Also, I'm doing the March 20 service - the theme is "Masks." I have a whole bunch of ideas. It feels good to feel enthusiastic about this again.
(* Church = The Unitarian Universalist Church of Indianapolis; Worship Associate = layperson who helps create and lead services. When the minister is there, we sit up front with him and do some of the readings, lead some of the prayers, read the children's story and the weekly announcements, whatever it helps the minister for us to do. When he takes time off, we actually create and lead entire services. There's a team of about eight of us that serve on the committee.)
In honor of feeling revitalized on the spiritual front, I am posting the first sermon I wrote for UUI, as my "audition" for the worship associate position. Bear in mind that this was written to sound natural when spoken, so you will find colloquialisms and imperfect grammar - that's on purpose. :)
The Garden Of Joy
Suzanne Egbert, August 2003
I was reading a book the other day. This is not unusual, as one of my favorite simple joys is curling up on the couch with a blanket and a good book. But I do have to admit, I was reading a children’s book, and neither of my children were involved at the time. I guess that it’s okay to admit to still liking some children’s books now that Harry Potter has cast his enchantment over the book-loving world. I mean, I knew as many adults as children who were waiting at midnight for the fourth Harry Potter book’s release this summer. Okay, I was one of them. :) And I even got to read it before my son did. I mean, Mom has to read it first to make sure it’s appropriate for the kids, right? Shh... don’t tell him I use that as an excuse. :) And I have to admit that I enjoyed the book as much as he did. But this wasn’t some new and trendy book like Harry Potter. This was one of those that my son considers too “old-fashioned” and “girly” - things like Little Women or Anne of Green Gables. But I find a certain joy in revisiting books like that -- they’re old friends, they’re comfortable, but you can still learn new things from them.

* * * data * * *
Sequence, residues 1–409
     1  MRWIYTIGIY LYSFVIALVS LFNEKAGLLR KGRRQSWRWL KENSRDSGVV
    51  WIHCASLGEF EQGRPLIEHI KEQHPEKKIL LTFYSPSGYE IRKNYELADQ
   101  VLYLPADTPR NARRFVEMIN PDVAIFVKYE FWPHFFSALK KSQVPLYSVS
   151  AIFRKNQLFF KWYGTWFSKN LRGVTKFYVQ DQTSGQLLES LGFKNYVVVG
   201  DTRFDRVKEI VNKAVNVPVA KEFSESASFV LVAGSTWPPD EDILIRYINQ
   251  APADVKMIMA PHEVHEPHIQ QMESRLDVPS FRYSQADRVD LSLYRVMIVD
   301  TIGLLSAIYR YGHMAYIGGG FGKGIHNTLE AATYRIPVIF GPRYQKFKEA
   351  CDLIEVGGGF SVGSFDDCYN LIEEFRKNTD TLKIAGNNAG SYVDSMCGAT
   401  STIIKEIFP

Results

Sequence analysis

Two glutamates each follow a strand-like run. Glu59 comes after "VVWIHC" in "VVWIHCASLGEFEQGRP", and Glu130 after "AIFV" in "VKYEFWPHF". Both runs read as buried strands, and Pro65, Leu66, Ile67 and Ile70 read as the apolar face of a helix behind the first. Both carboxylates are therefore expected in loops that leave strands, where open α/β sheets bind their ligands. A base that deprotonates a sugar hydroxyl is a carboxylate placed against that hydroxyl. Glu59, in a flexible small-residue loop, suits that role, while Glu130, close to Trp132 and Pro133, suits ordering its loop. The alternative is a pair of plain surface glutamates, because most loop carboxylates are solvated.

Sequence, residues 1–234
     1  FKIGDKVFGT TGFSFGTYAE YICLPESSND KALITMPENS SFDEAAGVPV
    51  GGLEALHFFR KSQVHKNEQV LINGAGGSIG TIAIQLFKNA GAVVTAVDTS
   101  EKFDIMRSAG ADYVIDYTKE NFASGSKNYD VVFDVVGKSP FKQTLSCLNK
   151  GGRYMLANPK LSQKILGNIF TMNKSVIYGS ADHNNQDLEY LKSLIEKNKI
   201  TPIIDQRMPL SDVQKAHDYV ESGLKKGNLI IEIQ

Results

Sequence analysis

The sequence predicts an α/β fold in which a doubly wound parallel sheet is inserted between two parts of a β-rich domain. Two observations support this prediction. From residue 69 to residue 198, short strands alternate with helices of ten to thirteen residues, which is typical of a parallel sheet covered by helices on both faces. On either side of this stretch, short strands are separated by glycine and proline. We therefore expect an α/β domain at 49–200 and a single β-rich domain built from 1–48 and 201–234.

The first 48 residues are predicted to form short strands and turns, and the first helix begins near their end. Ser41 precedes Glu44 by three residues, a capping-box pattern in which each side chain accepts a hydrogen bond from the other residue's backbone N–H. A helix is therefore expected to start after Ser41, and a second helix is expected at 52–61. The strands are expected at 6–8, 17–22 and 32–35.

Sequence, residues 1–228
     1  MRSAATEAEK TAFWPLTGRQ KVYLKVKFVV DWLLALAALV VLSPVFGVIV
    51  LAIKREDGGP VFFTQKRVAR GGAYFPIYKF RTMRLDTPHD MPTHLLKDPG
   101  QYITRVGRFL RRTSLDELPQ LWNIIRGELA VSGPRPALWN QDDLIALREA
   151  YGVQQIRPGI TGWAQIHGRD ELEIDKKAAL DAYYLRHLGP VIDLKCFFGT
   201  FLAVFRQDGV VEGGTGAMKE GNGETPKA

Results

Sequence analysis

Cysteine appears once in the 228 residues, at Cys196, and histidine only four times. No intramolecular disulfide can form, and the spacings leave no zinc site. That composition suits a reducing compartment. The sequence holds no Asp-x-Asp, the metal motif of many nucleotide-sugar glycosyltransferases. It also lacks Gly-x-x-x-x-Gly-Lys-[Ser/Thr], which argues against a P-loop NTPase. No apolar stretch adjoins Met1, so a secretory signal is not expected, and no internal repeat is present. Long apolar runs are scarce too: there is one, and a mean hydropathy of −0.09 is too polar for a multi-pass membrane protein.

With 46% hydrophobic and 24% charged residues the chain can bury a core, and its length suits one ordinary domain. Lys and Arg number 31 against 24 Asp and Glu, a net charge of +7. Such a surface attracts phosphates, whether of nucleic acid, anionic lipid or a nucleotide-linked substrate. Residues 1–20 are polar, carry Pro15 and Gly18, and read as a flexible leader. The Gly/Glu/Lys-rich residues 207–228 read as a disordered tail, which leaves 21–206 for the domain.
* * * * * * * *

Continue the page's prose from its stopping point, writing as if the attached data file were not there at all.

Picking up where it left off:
Anyway, I mention all this because the classic I was contentedly curled up re-reading the other day was “The Secret Garden” by Frances Hodgson Burnett. And I was struck by one particular passage in it. Now, if by some chance you haven’t read this, I don’t think it’s giving any plot away to tell you that there’s a garden involved. :) And to set the scene for you, Colin is a little boy who has been a spoiled, demanding, hysterical invalid all his life because that’s what he was always told that he was supposed to be. Through making friends with Mary, a little orphan girl who is also spoiled and demanding (at least at first), and exploring this secret garden with her, Colin has discovered that he’s not sick after all, and that he can run and play like other boys. And he decides that it is Magic in the garden that has made him better. After all, he says, “When Mary found this garden it looked quite dead... Then something began pushing things up out of the soil and making things out of nothing. One day things weren’t there and another they were... I keep saying to myself, “What is it? What is I? It’s something. It can’t be nothing! I don’t know it’s name so I call it Magic.... Magic is always pushing and drawing and making things out of nothing. Everything is made out of Magic, leaves and trees, flowers and birds, badgers and foxes and squirrels and people. So it must be all around us. In this garden -- in all the places. The Magic in this garden has made me stand up and know I am going to live to be a man.” (pp 239-240)
And when Colin finally realizes this, he is so overwhelmed with gratitude that he wants to sing something thankful and joyful, but doesn’t know what to sing. So even though he’s not a churchgoer, he sings the Doxology. And as he is singing, a neighbor woman finds he and Mary in the secret garden. The passage I want to share is a conversation that he and Susan Sowerby, the neighbor, have after he has explained things to her. And I’ll have to apologize, because she speaks in a broad Yorkshire accent, and I speak in -- well, in a south-central Indiana accent, so I’m not sure how this will come out. :)
“ "Do you believe in Magic?" asked Colin… "I do hope you do."
"That I do, lad," she answered. "I never knowed it by that name but what does th' name matter? I warrant they call it a different name i' France an' a different one i' Germany. Th' same thing as set th' seeds swellin' an' th' sun shinin' made thee a well lad an' it's th' Good Thing. It isn't like us poor fools as think it matters if us is called out of our names. Th' Big Good Thing doesn't stop to worrit, bless thee. It goes on makin' worlds by th' million -- worlds like us. Never thee stop believin' in th' Big Good Thing an' knowin' th' world's full of it -- an' call it what tha' likes. Tha' wert singin' to it when I come into th' garden."
"I felt so joyful," said Colin, opening his beautiful strange eyes at her. "Suddenly I felt how different I was -- how strong my arms and legs were, you know -- and how I could dig and stand -- and I jumped up and wanted to shout out something to anything that would listen."